|Publication number||US3998726 A|
|Application number||US 05/590,186|
|Publication date||Dec 21, 1976|
|Filing date||Jun 25, 1975|
|Priority date||Jun 25, 1975|
|Publication number||05590186, 590186, US 3998726 A, US 3998726A, US-A-3998726, US3998726 A, US3998726A|
|Inventors||Bennie I. Bunas, James S. Kellar|
|Original Assignee||Universal Oil Products Company|
|Export Citation||BiBTeX, EndNote, RefMan|
|Patent Citations (3), Referenced by (24), Classifications (8), Legal Events (2)|
|External Links: USPTO, USPTO Assignment, Espacenet|
Our invention, as herein described, is intended for utilization in the removal of hydrocarbon-insoluble asphaltenic material from hydrocarbonaceous charge stocks containing the same. More specifically, the invention is directed toward a process for deasphalting atmospheric towers bottoms, vacuum towers bottoms (vacuum residuum), crude oil residuum, topped crude oils, coal oil extract, shale oils, oils recovered from tar sands, etc., all of which have come to be referred to in the art as "black oils," and which contain varying quantities of asphaltic material.
Petroleum crude oils, particularly those heavy oils extracted from tar sands, topped or reduced crudes, vacuum residuum contain high molecular weight sulfurous compounds in exceedingly large quantities. In addition, black oils contain excessive quantities of nitrogenous compounds, high molecular weight organometallic complexes, principally containing nickel and vanadium, and varying quantities of asphaltenic material with which the metallic contaminants are generally associated. An abundant supply of such charge stocks exist, most of which have a gravity less than about 20.0 °API. Black oils are generally characterized, in the art, as having a boiling range indicating that at least 10.0% by volume, or more, boils above a temperature of about 1050° F.
Knowledgeable experts are presently predicting a world-wide energy crisis in the not-too-distant future. Those possessing expertise in the field of petroleum exploration are concerned with the ever-dwindling reserve supply of natural gas as compared to the ever-increasing demand thereof. As a result of legislation being imposed upon the sulfur content of liquid fuel oils, burned to meet certain energy requirements, more and more energy suppliers are looking to natural gas as a substitute. Several processes are being proposed which, it is believed, will alleviate the forthcoming critical shortage of natural gas. These generally involve the conversion of naphtha fractions, via steam reforming and shift methanation, into a "substitute" natural gas which is rich in methane. However, this in turn creates a shortage of naphtha boiling range material for utilization as motor fuel. Likewise, a shortage of kerosine boiling range fractions, principally employed as jet fuels, as well as gas oils, will stem from the necessity to convert such charge stocks to suitable automotive fuel. A multitude of factors are, therefore, contributing to the developing energy crisis. Processing technology is required to insure the utilization of virtually 100% of the available petroleum crude oil charge stocks. In the petroleum refining art, this is commonly referred to as converting the "bottom of the barrel."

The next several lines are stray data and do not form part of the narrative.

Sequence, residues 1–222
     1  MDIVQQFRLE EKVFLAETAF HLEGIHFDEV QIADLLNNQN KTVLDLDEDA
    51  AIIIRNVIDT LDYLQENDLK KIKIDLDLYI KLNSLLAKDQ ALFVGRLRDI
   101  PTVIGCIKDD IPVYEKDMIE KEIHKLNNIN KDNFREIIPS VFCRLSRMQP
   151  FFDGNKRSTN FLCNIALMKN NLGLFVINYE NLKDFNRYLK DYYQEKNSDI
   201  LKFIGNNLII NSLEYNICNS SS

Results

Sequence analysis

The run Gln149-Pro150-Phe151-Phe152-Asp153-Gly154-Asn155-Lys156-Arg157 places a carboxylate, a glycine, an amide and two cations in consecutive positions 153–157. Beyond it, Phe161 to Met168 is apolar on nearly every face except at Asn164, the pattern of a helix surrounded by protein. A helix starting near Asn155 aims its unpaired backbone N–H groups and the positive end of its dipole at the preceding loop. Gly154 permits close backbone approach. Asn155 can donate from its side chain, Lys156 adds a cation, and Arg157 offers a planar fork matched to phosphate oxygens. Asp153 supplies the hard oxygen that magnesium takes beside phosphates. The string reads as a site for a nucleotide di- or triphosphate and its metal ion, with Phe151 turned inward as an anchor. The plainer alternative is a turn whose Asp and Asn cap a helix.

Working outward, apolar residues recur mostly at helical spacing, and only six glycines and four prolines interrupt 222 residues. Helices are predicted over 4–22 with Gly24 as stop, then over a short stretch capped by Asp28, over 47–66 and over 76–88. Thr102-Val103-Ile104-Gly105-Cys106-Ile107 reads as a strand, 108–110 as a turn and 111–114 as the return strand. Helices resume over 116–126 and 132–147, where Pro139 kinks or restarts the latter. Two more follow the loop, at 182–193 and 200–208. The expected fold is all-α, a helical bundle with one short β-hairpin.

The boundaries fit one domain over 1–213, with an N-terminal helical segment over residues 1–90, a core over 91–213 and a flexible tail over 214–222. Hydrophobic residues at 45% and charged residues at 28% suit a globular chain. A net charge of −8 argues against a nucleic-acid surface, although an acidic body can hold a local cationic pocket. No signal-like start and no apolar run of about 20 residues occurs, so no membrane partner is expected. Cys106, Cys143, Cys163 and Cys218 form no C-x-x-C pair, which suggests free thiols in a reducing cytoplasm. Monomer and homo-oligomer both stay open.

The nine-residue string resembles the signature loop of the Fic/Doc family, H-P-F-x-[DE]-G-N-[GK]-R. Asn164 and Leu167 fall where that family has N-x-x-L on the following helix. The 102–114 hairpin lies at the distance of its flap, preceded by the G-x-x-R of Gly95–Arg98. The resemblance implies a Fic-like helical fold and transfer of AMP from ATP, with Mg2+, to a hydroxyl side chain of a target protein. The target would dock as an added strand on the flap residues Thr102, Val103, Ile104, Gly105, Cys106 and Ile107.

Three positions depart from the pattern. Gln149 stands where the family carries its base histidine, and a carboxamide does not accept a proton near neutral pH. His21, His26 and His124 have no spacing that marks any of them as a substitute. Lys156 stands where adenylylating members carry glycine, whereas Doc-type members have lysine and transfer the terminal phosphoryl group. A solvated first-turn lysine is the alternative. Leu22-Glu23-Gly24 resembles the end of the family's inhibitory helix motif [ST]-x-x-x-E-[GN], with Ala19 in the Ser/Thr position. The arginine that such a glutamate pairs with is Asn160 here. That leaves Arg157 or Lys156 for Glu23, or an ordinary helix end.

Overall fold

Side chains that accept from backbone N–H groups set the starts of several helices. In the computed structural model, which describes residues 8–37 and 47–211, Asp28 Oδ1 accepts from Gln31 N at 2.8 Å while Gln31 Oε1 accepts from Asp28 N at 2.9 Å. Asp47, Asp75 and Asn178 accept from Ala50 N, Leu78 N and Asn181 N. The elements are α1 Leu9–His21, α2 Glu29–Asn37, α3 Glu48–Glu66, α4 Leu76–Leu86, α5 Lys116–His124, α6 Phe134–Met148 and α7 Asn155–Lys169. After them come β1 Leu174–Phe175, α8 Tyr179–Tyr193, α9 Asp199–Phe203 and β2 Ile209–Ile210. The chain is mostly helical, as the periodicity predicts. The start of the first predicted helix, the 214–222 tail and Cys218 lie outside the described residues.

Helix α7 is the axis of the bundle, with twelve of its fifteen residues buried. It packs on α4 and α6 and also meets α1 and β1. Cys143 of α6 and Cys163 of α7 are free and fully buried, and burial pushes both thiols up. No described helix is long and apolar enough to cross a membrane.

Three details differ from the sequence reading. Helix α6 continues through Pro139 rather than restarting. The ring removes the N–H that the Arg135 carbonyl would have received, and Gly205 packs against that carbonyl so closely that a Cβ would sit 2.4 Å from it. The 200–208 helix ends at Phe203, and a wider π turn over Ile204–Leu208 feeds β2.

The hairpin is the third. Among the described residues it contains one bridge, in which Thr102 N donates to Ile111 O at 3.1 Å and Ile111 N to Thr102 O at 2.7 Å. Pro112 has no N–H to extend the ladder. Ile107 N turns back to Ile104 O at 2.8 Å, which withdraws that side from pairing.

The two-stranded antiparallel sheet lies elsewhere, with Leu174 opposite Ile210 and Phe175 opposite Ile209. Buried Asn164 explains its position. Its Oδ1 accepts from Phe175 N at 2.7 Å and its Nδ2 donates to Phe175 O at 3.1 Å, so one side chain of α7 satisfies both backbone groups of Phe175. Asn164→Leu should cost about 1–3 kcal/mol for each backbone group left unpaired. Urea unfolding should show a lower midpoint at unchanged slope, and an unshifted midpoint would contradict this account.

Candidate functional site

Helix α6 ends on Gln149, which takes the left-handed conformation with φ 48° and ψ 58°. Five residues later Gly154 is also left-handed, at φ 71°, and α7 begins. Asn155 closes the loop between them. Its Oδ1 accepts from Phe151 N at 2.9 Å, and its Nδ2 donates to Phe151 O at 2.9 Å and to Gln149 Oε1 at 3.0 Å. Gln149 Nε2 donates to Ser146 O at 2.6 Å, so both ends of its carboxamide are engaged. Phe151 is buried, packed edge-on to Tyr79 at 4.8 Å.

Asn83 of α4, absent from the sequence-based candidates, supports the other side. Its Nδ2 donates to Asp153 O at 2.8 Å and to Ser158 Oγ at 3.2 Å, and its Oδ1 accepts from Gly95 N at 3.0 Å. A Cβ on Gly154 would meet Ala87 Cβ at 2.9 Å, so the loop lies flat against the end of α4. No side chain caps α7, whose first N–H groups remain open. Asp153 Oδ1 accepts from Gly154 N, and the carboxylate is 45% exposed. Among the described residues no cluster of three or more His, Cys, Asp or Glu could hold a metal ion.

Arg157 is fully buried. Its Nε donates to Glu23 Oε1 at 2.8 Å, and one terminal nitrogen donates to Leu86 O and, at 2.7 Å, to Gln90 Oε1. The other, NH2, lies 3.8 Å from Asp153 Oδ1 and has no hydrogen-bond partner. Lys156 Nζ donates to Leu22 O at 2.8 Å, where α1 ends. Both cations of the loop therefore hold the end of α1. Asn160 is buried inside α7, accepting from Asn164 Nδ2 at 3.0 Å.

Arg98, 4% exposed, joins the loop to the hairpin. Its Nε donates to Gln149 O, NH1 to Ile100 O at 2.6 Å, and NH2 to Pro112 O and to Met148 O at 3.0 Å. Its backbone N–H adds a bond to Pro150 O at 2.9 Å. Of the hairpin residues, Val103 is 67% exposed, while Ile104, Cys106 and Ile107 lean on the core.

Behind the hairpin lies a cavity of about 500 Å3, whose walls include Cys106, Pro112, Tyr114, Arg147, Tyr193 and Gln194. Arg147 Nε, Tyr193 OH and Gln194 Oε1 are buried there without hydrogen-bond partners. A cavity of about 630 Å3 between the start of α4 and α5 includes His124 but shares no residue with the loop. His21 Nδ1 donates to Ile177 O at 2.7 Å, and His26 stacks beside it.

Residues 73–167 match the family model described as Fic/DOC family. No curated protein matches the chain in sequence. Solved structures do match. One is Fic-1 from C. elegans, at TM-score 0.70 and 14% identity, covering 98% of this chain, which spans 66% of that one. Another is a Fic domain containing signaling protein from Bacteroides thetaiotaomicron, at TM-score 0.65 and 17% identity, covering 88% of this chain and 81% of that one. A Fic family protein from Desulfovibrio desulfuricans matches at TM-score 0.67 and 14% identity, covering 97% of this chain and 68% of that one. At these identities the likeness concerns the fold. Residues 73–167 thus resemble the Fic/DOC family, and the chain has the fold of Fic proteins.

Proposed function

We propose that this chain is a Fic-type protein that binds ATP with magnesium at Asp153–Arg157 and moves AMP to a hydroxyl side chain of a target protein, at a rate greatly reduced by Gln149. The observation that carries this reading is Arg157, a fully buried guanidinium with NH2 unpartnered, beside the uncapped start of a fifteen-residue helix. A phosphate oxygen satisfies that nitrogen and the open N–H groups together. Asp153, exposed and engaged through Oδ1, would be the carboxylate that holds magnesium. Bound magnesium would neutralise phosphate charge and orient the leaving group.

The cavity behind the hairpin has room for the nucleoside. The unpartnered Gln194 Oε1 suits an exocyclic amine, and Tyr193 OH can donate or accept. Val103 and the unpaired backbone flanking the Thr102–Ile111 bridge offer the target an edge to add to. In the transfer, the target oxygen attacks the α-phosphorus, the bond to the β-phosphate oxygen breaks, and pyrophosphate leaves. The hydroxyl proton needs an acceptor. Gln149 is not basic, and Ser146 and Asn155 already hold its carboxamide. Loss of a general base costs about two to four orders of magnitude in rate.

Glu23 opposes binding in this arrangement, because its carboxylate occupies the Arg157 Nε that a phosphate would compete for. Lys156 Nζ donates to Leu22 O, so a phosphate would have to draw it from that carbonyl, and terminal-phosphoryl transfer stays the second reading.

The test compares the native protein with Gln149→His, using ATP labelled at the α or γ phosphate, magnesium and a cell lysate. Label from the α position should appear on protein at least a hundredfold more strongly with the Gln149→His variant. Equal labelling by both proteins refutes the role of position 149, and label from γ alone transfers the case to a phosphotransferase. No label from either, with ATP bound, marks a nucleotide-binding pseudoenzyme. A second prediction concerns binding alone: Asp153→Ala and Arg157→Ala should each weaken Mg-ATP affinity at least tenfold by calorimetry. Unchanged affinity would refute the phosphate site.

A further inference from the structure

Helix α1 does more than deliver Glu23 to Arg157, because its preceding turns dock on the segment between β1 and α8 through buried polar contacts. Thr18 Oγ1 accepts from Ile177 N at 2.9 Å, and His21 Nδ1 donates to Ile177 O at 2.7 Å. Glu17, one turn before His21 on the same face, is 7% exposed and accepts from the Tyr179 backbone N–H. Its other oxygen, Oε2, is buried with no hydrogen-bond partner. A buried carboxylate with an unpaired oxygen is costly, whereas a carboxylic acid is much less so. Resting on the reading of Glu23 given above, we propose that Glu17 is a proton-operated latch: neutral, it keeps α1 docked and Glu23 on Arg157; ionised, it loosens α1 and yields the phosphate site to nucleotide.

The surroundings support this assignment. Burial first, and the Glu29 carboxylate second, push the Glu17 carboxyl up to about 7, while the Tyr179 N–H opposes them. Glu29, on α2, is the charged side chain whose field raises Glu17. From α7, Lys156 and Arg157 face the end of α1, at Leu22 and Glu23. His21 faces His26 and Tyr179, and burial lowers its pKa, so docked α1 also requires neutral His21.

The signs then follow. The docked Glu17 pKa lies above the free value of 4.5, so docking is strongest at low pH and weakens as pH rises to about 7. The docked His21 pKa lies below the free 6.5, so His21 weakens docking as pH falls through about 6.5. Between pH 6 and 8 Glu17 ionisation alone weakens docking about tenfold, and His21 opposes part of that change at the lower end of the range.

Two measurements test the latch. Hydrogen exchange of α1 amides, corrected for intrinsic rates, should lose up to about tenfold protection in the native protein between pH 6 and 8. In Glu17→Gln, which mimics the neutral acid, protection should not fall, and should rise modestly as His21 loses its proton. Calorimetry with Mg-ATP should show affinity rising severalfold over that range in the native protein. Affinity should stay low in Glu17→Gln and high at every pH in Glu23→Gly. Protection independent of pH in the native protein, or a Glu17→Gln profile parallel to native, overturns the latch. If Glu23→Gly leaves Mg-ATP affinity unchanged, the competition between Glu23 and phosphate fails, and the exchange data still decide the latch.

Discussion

The deasphalting process encompassed by the present invention supplies at least some of the technology required to permit utilization of hydrocarbonaceous black oils for ultimate conversion into distillable hydrocarbons. Specific examples of those charge stocks to which the present process is applicable, include a vacuum tower bottoms having a gravity of 7.1 °API, and containing 4.05% by weight of sulfur and 23.7% by weight of asphaltics; a "topped" crude oil having a gravity of 11.0 °API, and containing 10.0% by weight of asphaltics and 5.20% by weight of sulfur; and a vacuum residuum having a gravity of about 8.8 °API, containing about 3.0% by weight of sulfur, and having a 20.0% volumetric distillation temperature of about 1055° F.
When attempting the maximum recovery of distillable hydrocarbons via the catalytic conversion of such heavy hydrocarbonaceous material, the principal difficulty encountered involves declining catalyst activity and stability resulting from the lack of suitable processing techniques which permit the severe conditions required to convert nondistillables into lower-boiling products. Catalyst instability, when processing black oil charge stocks in a fixed-bed reaction system, also stems from the presence of the asphaltenic material. This consists primarily of high molecular weight, non-distillable coke precursors, insoluble in light hydrocarbons such as pentane or heptane, and with which are associated sulfur and metallic contaminants. The asphaltic material is dispersed within the black oil, and, when subjected to the operating conditions required, has the tendency to agglomerate and polymerize, as a result of which the active surfaces of the catalytic composite are effectively shielded from the material being processed. The metallic contaminants associated with the high-boiling asphaltenic fraction, also adversely affect catalyst stability and activity. Therefore, it behooves the industry to provide continued improved technology with respect to the removal of these high-molecular weight coke precursors while simultaneously recovering distillable hydrocarbons to the greatest possible extent.